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. Last Updated: 07/27/2016

A Diplomacy of Barbs and Jokes

APLavrov speaking with Rice during a G8 meeting in Potsdam this week.
POTSDAM, Germany -- U.S. Secretary of State Condoleezza Rice passed a note to Foreign Minister Sergei Lavrov during a news conference, and the two diplomats shared smiles and nods as he read what she had written.

The familiarity -- they offhandedly call each other Condi and Sergei -- is one part of a complex relationship between the senior diplomats for two nations that are increasingly at odds.

Nicknames and jokes could not mask the disagreements between Rice and Lavrov at a pair of international meetings in Germany this week. They traded complaints and veiled warnings in public and had vigorous discussions in private.

"I hope Sergei is right; I hope we have taken care of the North Korean nuclear threat," Rice said with an edge of irritation in her voice during a public exchange over a planned U.S. missile defense shield against threats from North Korea and other nations.

"I think it's a little early to declare victory on that one," Rice said.

Russia does not like the United States arranging missiles and interceptors in Eastern Europe, no matter how many times U.S. officials say the system is not aimed at Russia.

Rice sounded exasperated at the dispute, which has escalated in recent months as Russian-U.S. relations soured on several fronts.

To stress that the system is intended to guard against rogue threats beyond Russia, Rice said Russia itself had claimed that its nuclear missiles could "overwhelm, penetrate, destroy any shield that we might build."

"We quite agree," she said.

Lavrov was not about to let her have the last word. "I hope that nobody has to actually prove that Condi is right about that," he said darkly.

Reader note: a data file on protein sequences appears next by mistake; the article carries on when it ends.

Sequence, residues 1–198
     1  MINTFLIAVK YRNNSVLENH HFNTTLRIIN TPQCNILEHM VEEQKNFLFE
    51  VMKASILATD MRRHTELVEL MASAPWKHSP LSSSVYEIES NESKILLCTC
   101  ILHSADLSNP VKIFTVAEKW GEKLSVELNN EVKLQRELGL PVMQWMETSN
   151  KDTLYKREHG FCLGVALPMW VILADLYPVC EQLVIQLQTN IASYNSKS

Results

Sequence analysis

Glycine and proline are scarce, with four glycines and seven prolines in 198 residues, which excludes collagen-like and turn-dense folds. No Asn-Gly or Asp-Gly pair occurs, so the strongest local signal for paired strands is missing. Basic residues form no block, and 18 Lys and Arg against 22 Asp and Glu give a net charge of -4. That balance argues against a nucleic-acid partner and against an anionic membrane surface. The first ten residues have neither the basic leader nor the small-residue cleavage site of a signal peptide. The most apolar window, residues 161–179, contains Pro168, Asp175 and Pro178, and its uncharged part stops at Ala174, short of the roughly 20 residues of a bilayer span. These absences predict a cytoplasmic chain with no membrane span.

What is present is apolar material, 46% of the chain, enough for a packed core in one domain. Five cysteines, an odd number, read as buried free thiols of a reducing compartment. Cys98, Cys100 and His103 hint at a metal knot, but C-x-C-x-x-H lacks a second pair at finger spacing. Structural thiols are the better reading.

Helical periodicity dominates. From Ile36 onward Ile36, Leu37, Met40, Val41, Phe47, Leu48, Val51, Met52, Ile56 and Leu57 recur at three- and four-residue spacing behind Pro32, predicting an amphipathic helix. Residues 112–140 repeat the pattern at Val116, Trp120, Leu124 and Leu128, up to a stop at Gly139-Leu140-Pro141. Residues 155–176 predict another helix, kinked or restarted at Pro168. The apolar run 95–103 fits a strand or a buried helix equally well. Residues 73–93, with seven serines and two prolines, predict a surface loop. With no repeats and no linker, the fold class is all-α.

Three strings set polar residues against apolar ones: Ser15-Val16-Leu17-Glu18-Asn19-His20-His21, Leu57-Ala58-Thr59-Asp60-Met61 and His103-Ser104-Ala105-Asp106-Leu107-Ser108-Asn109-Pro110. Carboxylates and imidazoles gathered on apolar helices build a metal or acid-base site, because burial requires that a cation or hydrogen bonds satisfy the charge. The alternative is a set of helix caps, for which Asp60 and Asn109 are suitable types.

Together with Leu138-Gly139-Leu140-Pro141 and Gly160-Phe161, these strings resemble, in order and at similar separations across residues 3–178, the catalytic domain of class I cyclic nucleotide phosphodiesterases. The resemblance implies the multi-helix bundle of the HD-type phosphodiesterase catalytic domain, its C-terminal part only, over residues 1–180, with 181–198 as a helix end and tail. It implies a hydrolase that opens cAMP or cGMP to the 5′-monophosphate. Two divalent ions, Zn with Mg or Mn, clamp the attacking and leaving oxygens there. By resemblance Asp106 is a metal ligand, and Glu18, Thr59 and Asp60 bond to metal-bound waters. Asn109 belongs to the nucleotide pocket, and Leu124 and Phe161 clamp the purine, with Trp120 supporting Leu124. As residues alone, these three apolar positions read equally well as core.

Rice and Lavrov have known each other for years, talk often and usually seem to enjoy their public appearances. Rice has said she admires Lavrov, and compliments his English as better than her Russian. She also lets it be known, however, that she does not back down during their closed-door arguments.

Lavrov can be by turns courtly and condescending. His tone Wednesday was more threatening, as when the two sparred over the future status of Kosovo at the same news conference. Asked whether Russia would consider using its right to veto on the United Nations Security Council, Lavrov replied: "I hope that this won't be necessary and that our partners will understand our arguments."

The direct language was riveting in a setting where bland, prearranged statements are the norm, and Rice apparently wanted to lower the temperature.

Her note asked Lavrov to join her in a joint announcement at the session's end. Although the news was already out, Rice wanted to tell the group that U.S. President George W. Bush would host President Vladimir Putin for an informal visit in July.

The gathering "will give them a chance for a relaxed atmosphere," Rice said through a tight smile.

Then she challenged Lavrov to pronounce correctly the name of the summit site, a Maine town where the Bush family has vacationed for generations. Lavrov nailed "Kennebunkport," and they both laughed.